Among these three common personality types, only the pragmatists will rise to the top:
1. Resistors. A steadily growing group of employees, they’re dissatisfied workers who believe that their best years are behind them and that they’re caught up in a system that takes advantage of them. As classic malcontents, resistors feel powerless, so they blame everyone but themselves for every setback. They communicate by mocking and criticizing others.
2. Traditionalists. Some people don’t want to accept change, so they apply outmoded problem-solving models to their work. They remain ignorant of technological advances and view any overhaul of an inefficient process as a distraction. Age has little to do with whether someone’s a traditionalist. “I’ve got people in their 20s and 30s who refuse to learn new things,” says a VP at a restaurant chain. “They equate everything they learned in school or an earlier job as eternal truth, so that closes them off from appreciating new developments.”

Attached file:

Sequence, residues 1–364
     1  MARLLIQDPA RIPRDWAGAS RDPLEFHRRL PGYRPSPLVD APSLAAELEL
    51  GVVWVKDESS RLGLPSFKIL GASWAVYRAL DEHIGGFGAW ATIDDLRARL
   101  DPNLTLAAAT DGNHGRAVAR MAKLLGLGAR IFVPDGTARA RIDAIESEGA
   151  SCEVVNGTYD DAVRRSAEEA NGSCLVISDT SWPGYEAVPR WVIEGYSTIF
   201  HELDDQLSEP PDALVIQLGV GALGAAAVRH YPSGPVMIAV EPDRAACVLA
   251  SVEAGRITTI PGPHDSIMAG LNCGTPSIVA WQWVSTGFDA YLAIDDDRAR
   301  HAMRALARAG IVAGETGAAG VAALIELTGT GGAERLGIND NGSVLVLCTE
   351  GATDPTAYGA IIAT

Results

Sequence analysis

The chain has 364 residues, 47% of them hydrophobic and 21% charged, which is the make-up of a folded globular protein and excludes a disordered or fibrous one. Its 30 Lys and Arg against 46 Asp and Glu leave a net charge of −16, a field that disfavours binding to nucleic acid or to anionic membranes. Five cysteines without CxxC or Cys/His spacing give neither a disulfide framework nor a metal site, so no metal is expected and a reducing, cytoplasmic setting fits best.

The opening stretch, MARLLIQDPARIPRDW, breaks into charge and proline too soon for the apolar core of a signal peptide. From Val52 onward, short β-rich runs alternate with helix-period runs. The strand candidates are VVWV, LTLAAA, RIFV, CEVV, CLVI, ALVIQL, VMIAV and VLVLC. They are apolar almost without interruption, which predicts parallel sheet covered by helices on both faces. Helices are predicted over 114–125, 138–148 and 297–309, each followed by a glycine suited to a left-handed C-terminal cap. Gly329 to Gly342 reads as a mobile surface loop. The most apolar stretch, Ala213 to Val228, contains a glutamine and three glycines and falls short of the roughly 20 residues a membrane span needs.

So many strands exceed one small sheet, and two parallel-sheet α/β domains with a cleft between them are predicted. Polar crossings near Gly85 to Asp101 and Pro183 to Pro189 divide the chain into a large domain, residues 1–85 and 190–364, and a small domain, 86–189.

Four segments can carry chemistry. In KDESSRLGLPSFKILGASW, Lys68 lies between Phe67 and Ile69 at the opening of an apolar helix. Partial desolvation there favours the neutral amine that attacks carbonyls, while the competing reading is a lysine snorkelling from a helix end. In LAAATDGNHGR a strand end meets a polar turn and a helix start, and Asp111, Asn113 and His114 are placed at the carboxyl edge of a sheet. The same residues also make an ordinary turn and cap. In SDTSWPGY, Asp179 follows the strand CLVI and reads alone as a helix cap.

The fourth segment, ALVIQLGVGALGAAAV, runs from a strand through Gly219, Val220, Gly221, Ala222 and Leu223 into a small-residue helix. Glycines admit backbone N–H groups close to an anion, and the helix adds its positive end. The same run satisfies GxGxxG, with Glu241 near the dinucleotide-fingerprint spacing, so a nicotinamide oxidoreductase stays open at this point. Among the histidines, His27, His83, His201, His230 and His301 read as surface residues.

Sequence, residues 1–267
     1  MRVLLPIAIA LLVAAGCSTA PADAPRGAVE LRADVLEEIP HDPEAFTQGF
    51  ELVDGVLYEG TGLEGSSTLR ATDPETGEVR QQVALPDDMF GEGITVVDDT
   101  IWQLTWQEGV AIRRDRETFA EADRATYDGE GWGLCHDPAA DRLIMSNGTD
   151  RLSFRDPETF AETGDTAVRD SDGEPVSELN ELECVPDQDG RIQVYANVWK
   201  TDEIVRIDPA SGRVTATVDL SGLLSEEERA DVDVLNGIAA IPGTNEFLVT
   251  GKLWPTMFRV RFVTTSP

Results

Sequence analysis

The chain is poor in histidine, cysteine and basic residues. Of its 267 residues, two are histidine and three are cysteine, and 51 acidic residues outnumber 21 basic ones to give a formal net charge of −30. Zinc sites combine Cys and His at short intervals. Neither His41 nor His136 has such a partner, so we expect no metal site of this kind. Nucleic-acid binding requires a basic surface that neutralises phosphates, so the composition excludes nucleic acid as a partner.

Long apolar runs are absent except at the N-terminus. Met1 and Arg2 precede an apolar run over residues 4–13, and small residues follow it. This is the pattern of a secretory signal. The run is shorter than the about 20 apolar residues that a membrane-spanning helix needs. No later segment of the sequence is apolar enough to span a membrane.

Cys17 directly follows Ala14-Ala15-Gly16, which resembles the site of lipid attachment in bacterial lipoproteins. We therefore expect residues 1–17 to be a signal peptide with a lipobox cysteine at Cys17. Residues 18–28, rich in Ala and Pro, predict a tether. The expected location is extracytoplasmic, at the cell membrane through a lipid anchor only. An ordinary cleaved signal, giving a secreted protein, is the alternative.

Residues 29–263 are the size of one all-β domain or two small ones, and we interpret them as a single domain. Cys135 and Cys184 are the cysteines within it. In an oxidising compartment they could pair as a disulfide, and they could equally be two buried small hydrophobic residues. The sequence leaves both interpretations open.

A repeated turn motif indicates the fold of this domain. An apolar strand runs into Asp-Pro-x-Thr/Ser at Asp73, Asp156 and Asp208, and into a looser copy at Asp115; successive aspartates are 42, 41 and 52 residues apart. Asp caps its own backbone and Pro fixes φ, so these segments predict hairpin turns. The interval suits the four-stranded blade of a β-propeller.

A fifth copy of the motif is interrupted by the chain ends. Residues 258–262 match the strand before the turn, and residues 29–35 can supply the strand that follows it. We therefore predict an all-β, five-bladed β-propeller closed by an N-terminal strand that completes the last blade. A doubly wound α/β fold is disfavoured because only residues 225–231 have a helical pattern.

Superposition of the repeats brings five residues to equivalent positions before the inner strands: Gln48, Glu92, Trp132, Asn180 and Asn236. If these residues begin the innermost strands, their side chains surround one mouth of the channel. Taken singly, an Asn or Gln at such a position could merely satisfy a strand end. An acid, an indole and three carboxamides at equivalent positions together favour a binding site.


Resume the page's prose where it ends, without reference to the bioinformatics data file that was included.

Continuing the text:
3. Pragmatists. Career advancers keep their feet planted on the ground and maintain a healthy, realistic outlook on their jobs. They treat technology as a vital tool, and they’re constantly looking for ways to produce better results by examining cause-effect relationships and devising smarter ways to work. They manage their time wisely and avoid petty political squabbles. They get ahead by establishing a network of allies and looking for ways to make others’ jobs easier.